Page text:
Rookie running back Bishop Sankey will have a big role in Ken Whisenhunt's offense. (Mark Humphrey/AP)
By Dan Greene (@thedangreene)
I’m at LP Field, just across the Cumberland River from downtown Nashville, where the Titans are holding a sunset-wrapped Saturday night practice seven days before hosting the Packers in their preseason opener. After a week of sessions at the team’s training facility five miles away, new head coach Ken Whisenhunt put his team in game-like conditions. He gave each unit a 12-play drive against its counterpart—first team on first team, second team on second team—with an officiating crew, down and distance markers, and headset play-calling. But alas, it is not yet time for live tackling, so full-blown football must wait a bit more.
One vivid memory from watching practice
Jake Locker moving the ball well on the starting unit’s lone possession. His blockers gave him time to step up and find Nate Washington again and again. All told, Locker completed six of seven passes on the drive, yet the one incompletion was concerning. Looking for tight end Delanie Walker down the seam in the end zone, Locker’s underthrown ball hit the hands of linebacker Zach Brown. Brown flubbed the would-be interception, but those balls won’t always be dropped. Somewhere on the divide between Locker’s half-dozen completions and the errant pass that nearly undermined the whole drive, the Titans offense hinges.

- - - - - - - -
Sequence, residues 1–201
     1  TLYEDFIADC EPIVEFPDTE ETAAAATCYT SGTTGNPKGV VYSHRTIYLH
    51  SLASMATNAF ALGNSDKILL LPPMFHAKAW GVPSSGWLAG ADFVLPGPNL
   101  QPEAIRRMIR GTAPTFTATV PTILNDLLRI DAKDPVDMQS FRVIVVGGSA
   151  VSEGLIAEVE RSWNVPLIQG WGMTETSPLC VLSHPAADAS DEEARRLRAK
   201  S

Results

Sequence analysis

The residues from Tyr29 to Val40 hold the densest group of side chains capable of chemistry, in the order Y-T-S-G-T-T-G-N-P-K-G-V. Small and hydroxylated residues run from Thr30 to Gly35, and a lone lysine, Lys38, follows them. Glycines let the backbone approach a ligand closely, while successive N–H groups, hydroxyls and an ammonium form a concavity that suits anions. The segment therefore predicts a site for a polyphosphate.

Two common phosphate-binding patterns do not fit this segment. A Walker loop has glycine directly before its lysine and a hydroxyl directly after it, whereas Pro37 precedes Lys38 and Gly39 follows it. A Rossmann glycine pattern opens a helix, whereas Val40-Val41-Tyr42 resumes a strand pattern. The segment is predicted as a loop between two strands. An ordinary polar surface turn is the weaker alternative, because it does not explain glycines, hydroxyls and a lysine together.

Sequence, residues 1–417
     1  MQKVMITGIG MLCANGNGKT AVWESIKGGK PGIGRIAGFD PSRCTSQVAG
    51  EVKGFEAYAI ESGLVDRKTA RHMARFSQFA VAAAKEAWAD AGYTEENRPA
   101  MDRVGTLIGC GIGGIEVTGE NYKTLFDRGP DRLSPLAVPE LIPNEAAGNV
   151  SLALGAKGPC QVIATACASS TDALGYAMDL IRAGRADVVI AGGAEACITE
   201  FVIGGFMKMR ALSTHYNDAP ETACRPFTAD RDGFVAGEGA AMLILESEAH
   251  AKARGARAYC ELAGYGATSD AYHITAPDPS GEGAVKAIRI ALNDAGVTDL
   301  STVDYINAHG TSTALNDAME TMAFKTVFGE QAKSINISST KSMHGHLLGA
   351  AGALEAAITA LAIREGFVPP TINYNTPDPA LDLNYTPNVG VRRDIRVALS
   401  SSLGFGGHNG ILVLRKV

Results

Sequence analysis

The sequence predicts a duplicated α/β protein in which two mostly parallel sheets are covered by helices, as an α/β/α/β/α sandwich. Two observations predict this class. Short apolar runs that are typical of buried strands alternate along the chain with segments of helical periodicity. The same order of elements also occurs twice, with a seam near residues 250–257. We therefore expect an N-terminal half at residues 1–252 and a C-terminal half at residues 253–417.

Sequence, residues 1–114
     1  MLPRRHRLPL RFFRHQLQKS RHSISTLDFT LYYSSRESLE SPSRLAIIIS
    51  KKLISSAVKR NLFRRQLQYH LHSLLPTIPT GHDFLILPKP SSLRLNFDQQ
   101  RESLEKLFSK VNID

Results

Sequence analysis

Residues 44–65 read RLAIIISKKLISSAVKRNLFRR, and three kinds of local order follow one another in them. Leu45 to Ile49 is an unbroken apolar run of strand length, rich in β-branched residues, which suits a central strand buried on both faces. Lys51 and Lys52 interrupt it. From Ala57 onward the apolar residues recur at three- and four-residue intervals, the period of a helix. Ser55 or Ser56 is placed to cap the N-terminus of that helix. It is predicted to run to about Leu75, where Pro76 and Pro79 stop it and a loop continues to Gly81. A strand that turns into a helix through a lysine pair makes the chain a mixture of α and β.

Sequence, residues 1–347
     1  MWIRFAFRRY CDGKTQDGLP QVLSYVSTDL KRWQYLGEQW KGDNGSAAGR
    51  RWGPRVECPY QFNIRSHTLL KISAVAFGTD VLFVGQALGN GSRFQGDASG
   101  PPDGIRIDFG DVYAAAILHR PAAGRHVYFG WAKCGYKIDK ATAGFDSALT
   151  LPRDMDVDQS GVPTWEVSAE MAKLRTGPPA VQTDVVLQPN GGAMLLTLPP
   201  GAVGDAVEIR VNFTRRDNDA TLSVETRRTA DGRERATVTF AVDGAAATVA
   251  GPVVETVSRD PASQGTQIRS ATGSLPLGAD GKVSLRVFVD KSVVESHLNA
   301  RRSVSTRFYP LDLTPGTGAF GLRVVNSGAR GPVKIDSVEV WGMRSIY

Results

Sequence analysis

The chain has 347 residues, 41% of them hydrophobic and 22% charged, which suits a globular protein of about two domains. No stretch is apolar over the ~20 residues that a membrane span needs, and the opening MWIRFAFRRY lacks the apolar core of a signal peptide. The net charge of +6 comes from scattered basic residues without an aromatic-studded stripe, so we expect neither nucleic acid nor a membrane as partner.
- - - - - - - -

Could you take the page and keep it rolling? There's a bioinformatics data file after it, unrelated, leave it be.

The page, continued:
How this team can go 12–4
Taylor Lewan already casting a large shadow in Tennessee. #themmqbtour #tennesseetitans (follow us at Instagram.com/TheMMQB)
Any path to double-digit victories begins with a four-game feast of Jacksonville and Houston, Tennessee’s transitioning AFC South brethren. To win within their division and beyond, Whisenhunt will need to shape Locker into the kind of quarterback Mike Munchak’s staff thought they were getting when they drafted him eighth overall in 2011. Locker showed flashes last season—he threw six touchdowns and no interceptions over the first four weeks. But he has had accuracy and consistency issues dating back to his collegiate career at Washington, where he completed just 54.0% of his passes, and has yet to stay healthy for a full season. Whisenhunt’s success stories (Ben Roethlisberger, Arizona-era Kurt Warner, Philip Rivers last season) are encouraging, as are Tennessee’s underrated cadre of weapons.